appropriately recorded in the month of February, African History Month, at
Avatar Studios in NY from February 23rd to February 25th. 1998. This
recording could easily have been named "Sankofa" because it required all
the participants, from the musicians, to the scholars, to the researchers
and writers, to the listeners, to the arranger,
Melba Liston, and even Randy himself, to go back, to reach back into
the past to learn more about the past in order to understand the present
and go forth into the future.
This recording is titled "Khepera" because the Sankofa principle used in
reaching into our great past must imbue our present generation with the
energies for our transformation, our regeneration - The Khepera principle
- needed in order to create a greater future. Khepera also celebrates the
transformation that Africa has impacted on world cultures as in this case,
Recently deceased, world -reknowned historian, John Henrik Clarke often
said, "there is no World History without African History." Randy's music
has been influenced by African history, culture, and spirituality since he
was a boy living with his father, Frank Edward Weston, and in the Black
Church with his mother Vivian Moore. "All of this has produced who
and what I am today through continuous regeneration, 'Khepera:"
Randy says, "When I did 'Earth
Birth' it had a particular direction... ballads, strings, Melba's
beautiful arrangements and the 25 strings of the Montreal Symphony
Orchestra. Everybody was a little surprised at this move. But, this
particular recording is somewhat like 'Spirits of Our Ancestors; in that
kind of a historical recording. It reaches all the way back. How far back
I'm not sure myself. Maybe it goes back to the time of being in my
father's house as a boy seeing these unusual maps of African Kings,
Queens, articles, and books by J.A. Rodgers.
"But, I'm sure it also goes back to my experiences with the Gnawa, my
experiences with the Black Church, my experiences with spirituality in
music which I've certainly experienced in Africa. All of this has produced
who and what I am today.
"And, so with this recording, I want to do several things. I want to
produce music that is truly spiritual and, in a sense, ritualistic, and at
the same time produce magic and mystery. I want to put all these elements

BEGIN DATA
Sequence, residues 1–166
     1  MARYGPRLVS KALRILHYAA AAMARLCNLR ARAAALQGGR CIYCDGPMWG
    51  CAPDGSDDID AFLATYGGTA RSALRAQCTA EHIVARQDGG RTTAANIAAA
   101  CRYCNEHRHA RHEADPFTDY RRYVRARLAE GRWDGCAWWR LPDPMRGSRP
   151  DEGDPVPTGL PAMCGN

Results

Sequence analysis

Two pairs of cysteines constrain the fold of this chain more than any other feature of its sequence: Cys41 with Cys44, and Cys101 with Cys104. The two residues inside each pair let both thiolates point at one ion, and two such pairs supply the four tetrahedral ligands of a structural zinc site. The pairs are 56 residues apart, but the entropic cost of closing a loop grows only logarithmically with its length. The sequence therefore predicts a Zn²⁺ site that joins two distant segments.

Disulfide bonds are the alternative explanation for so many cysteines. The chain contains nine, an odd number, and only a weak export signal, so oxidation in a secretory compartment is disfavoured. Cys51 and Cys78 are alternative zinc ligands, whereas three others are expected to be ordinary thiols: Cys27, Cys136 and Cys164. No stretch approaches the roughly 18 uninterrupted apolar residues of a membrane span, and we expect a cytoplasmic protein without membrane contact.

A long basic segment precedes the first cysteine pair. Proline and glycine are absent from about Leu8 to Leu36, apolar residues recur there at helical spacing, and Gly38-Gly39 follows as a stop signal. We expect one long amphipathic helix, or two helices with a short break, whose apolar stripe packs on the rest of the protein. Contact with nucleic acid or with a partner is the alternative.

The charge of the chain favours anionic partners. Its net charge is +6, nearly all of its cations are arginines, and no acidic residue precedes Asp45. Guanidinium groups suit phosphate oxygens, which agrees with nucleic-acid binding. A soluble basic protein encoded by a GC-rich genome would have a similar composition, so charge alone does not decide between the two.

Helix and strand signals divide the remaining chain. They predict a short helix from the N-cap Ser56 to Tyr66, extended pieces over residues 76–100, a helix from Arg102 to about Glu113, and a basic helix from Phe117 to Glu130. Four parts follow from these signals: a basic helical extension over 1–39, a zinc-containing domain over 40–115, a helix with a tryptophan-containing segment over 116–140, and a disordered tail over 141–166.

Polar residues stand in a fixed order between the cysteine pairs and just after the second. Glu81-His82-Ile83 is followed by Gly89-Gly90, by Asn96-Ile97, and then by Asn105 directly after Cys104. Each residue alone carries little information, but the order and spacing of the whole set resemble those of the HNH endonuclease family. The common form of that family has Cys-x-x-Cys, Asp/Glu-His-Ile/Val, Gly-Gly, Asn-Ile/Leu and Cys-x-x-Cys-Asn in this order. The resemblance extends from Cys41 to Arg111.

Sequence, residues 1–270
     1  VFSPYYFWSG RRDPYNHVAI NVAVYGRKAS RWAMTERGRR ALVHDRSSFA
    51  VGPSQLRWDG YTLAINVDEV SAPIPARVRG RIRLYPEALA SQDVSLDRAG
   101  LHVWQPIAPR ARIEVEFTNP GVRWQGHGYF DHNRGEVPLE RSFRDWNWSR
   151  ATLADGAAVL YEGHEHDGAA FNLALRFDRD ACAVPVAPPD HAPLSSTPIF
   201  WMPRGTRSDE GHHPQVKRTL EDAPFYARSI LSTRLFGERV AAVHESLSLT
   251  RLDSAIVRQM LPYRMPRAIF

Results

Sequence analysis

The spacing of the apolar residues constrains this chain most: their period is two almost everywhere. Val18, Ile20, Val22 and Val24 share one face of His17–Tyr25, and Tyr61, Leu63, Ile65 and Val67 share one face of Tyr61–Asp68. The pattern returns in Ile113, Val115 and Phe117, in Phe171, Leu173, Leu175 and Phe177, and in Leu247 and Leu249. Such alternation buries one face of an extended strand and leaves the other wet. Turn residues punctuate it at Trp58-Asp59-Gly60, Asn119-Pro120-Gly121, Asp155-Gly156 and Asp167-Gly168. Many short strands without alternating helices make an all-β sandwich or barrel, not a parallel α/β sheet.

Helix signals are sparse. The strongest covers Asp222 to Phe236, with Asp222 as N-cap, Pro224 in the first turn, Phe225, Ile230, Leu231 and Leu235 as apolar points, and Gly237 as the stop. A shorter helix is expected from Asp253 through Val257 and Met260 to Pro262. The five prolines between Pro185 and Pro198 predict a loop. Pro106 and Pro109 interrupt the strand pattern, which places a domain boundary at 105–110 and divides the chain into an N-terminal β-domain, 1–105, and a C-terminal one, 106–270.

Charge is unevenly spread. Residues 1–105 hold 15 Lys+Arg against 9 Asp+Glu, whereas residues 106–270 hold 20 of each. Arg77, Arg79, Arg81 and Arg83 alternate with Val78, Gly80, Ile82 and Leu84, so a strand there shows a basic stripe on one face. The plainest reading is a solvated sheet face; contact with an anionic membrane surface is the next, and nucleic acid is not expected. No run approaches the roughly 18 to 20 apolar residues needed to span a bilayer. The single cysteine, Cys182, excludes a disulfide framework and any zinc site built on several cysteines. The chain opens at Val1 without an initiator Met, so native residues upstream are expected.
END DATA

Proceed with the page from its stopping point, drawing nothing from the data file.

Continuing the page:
together to create something very beautiful, very creative but different
from anything else I've done."
For this reason, Randy was very careful about the selection of musicians
who include Pharoah Sanders,
Alex Blake, Victor Lewis,
Benny Powell, Billy Harper. Chief Bey, special guest Chinese artist,
Min Xiao Fen (virtuoso pipa player) and, of course,
Melba Liston, arranger.
"One of the reasons I got Chief Bey is that he supplies that traditional
African drum. You see, there are different kinds of African Original Drums
and the ones used in Latin America have their heads tight with a sharp
sound when you hear them played. I wanted the African drum that is more of
a speaking kind of drum. So I wanted to have Chief Bey on the bottom of
the rhythm section. He was the key because he does all the basic things,
the basic things are what holds everything together.
"I cannot over emphasize the importance of Victor Lewis in the rhythm
section. The rhythm section is so important. Although I'd never worked
with Victor before Jean-Philippe Allard suggested that I use him. I am
happy I did," Randy explains. So where did Randy get the idea to focus on
China and invite Chinese artist, Min Xiao Fen to play and record with him?
"The Chinese picture happened over 30 years ago. Sometimes things happen
in your life that you really don't connect to or understand until 30 or 40
years later. When I was in Rabat, Morocco in 1967, I met the director of
the Conservatory of Music and he had this huge, huge piano. It was almost
the size of a Bösendorfer piano, 9' or 10' but it was made in China. So I
said, "I didn't know that China made pianos." The director said, 'Yea,
this piano was a gift from the Chinese government. When I went to Beijing,
I heard the music and you know the Chinese Symphony Orchestra uses the
same instruments that we use in Morocco; he said."
Randy also remembers another incident in the past that hadn't seemed as
important as it does now. "I remember that when I went to the South of
Morocco the people looked very Chinese. Their music was also very Chinese
to the point that when I played for someone in Morocco they said, after
'That's Chinese music!'" Hence the connection of Africa in Chinese music
just as there is Africa in World Culture. Africa being the cradle of both
humanity and civilization.
So when Randy and Min Xiao Fen were introduced to each other in Atlanta,
Georgia (USA) in 1997 after both had performed in a concert there
separately, it was more than just mere coincidence. The pieces were
beginning to come together for Randy and eventually for Min, too.
"Min told me she lived in Brooklyn too. She came to play for me at my